Ukraine's Separatists Claim Victory In Defiant Vote
Updated at 3 p.m. ET
The breakaway regions of Donetsk and Luhansk in eastern Ukraine have defied Kiev by holding elections today aimed at legitimizing their self-declared republics. They say exit polls show militia leader Alexander Zakharchenko winning 80 percent of the vote for prime minister of the self-proclaimed Donetsk People's Republic.
Zakharchenko, a 38-year-old former electrician, declared himself premier of the region back in August.
NPR's Corey Flintoff reports that several hundred people lined up to vote at School number 61 in Donetsk, and many of them said they'll vote for Zakharchenko.
Western governments have joined Ukraine in denouncing the poll, which Russia says it will recognize.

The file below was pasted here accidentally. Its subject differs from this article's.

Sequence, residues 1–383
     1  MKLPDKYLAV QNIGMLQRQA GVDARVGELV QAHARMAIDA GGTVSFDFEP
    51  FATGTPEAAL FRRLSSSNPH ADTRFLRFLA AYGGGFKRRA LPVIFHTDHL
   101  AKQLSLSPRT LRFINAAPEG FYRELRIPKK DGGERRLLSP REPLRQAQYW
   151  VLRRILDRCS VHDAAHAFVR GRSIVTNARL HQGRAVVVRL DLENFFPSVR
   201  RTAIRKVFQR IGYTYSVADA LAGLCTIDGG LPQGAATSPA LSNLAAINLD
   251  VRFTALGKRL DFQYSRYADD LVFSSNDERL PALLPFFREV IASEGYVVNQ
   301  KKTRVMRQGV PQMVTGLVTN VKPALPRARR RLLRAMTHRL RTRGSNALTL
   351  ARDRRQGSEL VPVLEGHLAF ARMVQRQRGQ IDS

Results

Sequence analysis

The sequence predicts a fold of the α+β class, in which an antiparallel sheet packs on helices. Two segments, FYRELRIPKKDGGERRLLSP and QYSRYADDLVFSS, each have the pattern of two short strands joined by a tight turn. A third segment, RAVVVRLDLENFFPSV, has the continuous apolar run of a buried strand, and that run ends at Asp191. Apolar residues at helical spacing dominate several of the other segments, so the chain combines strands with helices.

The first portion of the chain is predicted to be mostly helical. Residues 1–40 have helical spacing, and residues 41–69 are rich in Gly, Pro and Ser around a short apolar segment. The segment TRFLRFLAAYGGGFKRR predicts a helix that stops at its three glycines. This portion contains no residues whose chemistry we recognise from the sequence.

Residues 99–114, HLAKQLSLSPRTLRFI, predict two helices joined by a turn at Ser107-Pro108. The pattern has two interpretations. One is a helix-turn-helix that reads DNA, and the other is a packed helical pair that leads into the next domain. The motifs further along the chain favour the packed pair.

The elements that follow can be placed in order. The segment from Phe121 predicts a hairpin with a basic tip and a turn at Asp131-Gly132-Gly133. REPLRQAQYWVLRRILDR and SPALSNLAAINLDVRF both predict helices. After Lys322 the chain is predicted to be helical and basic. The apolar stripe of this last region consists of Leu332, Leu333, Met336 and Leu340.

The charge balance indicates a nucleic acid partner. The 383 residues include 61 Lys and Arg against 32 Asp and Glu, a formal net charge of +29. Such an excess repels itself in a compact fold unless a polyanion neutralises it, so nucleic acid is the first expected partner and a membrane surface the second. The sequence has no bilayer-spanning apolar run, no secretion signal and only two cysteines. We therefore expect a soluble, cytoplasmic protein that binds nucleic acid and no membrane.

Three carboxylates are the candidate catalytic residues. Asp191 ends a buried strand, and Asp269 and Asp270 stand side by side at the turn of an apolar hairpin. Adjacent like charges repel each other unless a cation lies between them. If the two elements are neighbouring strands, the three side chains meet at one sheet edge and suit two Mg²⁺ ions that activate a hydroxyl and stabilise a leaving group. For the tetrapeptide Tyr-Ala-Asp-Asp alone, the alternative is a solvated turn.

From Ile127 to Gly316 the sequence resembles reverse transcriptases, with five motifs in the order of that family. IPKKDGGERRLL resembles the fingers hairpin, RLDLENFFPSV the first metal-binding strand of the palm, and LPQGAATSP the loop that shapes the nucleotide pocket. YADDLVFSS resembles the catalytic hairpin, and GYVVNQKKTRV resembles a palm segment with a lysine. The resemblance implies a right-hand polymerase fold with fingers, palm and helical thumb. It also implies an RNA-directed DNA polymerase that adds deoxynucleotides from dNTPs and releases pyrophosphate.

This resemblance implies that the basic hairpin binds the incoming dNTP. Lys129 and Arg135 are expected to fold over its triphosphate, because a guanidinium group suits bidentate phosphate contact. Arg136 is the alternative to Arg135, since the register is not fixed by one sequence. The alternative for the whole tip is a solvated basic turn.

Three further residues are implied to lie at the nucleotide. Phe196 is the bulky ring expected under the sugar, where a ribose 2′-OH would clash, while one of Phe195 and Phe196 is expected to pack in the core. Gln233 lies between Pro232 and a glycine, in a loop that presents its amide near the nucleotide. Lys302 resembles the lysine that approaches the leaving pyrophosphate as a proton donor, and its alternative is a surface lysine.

The U.S. and European nations have said the election violates a key part of the agreement that established a shaky cease-fire back in September that was meant to end months of fighting between Kiev's forces and Russian-backed rebels.
The Associated Press notes: "Despite a cease-fire agreement being signed in September, fighting continues almost daily between government troops and rebel forces in the area. Ukrainian security officials have routinely maintained rebels are being supplied by Russia and said Sunday that they have noted an intensive transfer of weapons and troops from Russia. Russia has previously denied such claims."
Zakharchenko commands a large militia in Donetsk, a depressed mining and industrial region. He's been promising voters that he'll renew the economy and raise salaries and pensions, Corey tells Weekend Edition Sunday.
"If they give us recognition and return the land we've lost without putting up a fight, then we will restore normal economic ties [with Ukraine] and we will live like equal economic partners," Zakharchenko says.
The AP writes: "The truce deal, which has been signed by rebel leaders, Ukrainian and Russian officials, envisions local elections being held across the whole of the east, but under Ukrainian law."
Copyright 2021 NPR. To see more, visit https://www.npr.org.